Dinosaurs, like Winnie the Pooh, have traditionally been depicted as having very small brains, and therefore not being very intelligent creatures.
It is true that, in general, dinosaurs’ brains were much smaller than the brains of mammals possessing heads of comparable size.
Whereas in a human skull, most of what is under the immediate bone surface is brain matter, a dinosaur skull’s key facet is its jaw structure; much of the available space was occupied by powerful biting muscles, with the brain being buried under a thick casing to keep it well protected.
A rough system of estimating dinosaurs’ (and other creatures’) intelligence is known as the Encephalisation Quotient, or EQ. Developed by the American palaeoneurologist Harry Jerison in the 1970s, a dinosaur’s EQ is the ratio of its brain weight relative to the brain weight of a “typical” animal of similar body weight.
Typically, warm-blooded mammals and birds have much higher EQ ratings than cold-blooded reptiles of the same size, and there is a wide variation in the estimated EQ ratios of different dinosaur types, which reflects their differing lifestyles and (possibly) metabolic rates.
Most dinosaurs have an EQ similar to those of modern reptiles. Typically, herbivores such as the large sauropods, armoured ankylosaurs and stegosaurs are at the lowest end of the scale.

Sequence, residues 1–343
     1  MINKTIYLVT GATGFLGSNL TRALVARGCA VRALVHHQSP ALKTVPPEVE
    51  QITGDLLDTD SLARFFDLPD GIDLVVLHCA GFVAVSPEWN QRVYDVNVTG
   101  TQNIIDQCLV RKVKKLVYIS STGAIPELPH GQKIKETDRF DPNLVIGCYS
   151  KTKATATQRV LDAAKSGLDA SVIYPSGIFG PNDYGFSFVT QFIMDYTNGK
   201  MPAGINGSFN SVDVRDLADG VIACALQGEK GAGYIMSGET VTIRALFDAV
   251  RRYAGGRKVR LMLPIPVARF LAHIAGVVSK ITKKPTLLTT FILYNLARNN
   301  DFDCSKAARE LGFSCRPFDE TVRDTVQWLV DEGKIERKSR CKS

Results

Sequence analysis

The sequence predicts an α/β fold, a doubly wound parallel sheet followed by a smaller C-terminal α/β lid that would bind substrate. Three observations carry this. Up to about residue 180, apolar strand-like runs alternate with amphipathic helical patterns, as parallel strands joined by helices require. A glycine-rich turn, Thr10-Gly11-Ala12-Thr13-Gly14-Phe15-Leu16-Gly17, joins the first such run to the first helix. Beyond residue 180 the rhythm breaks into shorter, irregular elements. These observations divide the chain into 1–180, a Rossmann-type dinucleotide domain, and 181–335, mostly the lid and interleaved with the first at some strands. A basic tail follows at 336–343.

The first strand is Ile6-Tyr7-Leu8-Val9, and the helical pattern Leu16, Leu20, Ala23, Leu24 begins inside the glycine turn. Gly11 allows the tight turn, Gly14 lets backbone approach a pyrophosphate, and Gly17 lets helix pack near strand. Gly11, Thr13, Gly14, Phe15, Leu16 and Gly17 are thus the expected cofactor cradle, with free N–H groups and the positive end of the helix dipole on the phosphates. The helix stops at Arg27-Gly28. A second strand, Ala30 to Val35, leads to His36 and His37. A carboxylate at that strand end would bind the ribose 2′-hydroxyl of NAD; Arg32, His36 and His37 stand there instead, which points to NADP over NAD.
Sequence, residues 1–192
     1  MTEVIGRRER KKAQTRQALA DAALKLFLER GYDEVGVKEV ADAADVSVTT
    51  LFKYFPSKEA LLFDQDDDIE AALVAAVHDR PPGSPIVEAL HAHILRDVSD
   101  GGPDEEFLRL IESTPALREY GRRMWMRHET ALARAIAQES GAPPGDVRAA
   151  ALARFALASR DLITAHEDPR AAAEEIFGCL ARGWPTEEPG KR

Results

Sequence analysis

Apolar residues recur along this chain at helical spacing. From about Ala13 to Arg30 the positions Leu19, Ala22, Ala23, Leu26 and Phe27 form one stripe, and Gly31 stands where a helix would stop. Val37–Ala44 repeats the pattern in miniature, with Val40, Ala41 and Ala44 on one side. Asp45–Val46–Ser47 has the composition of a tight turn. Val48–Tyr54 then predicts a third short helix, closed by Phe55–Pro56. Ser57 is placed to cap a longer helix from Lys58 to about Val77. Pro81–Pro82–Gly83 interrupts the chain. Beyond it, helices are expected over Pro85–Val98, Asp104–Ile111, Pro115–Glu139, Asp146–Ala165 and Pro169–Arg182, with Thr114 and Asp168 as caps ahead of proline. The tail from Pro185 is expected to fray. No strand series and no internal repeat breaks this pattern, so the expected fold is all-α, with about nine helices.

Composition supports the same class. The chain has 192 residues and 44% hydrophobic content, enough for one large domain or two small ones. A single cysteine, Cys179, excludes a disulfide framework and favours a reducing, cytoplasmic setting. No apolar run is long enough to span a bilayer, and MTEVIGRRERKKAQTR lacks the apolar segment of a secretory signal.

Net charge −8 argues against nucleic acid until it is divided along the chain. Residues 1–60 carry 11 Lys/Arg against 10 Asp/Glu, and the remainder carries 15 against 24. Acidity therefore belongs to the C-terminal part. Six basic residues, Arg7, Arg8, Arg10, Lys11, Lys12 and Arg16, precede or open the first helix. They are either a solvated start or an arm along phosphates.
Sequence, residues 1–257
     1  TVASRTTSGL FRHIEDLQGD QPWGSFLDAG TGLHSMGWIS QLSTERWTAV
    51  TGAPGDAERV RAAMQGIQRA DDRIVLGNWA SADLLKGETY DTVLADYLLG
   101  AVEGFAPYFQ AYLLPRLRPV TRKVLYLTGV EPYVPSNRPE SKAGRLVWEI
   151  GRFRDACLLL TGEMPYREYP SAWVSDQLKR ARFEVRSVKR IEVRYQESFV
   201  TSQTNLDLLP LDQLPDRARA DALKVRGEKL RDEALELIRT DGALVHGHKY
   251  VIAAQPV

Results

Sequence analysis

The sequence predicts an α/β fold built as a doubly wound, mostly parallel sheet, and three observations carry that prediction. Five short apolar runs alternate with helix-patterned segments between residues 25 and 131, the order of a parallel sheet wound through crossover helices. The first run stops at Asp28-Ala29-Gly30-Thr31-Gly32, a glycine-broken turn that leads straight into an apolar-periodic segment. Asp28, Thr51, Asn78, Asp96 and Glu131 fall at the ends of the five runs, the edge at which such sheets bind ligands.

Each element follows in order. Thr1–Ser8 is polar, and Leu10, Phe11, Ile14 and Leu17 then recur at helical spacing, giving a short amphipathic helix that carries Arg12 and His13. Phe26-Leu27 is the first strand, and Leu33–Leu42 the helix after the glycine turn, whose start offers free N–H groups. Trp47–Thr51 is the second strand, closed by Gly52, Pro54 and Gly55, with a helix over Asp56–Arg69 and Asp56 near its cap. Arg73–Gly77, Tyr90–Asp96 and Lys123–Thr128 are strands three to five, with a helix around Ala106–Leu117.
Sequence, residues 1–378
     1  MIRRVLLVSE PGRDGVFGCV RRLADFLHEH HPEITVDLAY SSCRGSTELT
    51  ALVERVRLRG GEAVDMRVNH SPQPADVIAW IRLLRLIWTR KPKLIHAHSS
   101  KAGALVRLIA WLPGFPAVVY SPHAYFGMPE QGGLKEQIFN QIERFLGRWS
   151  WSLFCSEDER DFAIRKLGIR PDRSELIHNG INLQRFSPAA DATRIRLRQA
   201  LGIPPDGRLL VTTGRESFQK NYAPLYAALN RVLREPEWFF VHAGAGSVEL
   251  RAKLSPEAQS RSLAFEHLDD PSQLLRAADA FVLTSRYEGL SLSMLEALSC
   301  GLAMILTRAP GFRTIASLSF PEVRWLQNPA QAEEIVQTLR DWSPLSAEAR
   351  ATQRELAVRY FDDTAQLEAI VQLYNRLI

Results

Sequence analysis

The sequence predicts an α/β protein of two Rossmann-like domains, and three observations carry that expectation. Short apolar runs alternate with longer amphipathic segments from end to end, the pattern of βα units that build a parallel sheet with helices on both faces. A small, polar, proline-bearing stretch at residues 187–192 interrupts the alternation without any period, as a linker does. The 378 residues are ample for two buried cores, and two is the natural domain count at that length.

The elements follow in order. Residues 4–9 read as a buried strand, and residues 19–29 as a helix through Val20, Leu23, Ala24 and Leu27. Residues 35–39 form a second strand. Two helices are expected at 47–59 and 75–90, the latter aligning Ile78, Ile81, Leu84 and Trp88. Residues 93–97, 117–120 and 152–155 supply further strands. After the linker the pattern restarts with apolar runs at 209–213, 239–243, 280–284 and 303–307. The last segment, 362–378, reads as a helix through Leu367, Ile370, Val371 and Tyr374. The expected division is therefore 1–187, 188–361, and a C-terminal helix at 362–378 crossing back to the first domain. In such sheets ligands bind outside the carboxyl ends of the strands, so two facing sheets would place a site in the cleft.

It is often said that Stegosaurus had a brain the size of a walnut – in fact it was more like the size of a lime, or a dog’s brain, but still relatively small for a dinosaur that grew up to nine metres long.
Later ornithischian herbivores of the Cretaceous period, such as Edmontosaurus, possessed slightly bigger brains, but still smaller relative to carnivorous dinosaurs.
Predatory theropods are thought to have relatively larger brains (and excellent eyesight), evolved because of their need to hunt prey at speed. T. rex, for example, had a particularly large brain even compared to other dinosaurian predators its size.
However, at the top of the scale (by a distance) are those theropod dinosaurs most closely related to modern-day birds – small- and medium-sized carnivorous dromaeosaurids such as Velociraptor, and troodontids such as Troodon.
Troodontids’ brains were comparable in size to those of today’s flightless birds, and they had large eyes that pointed forward to give them binocular (three-dimensional) vision, and also an acute sense of hearing to help locate their prey.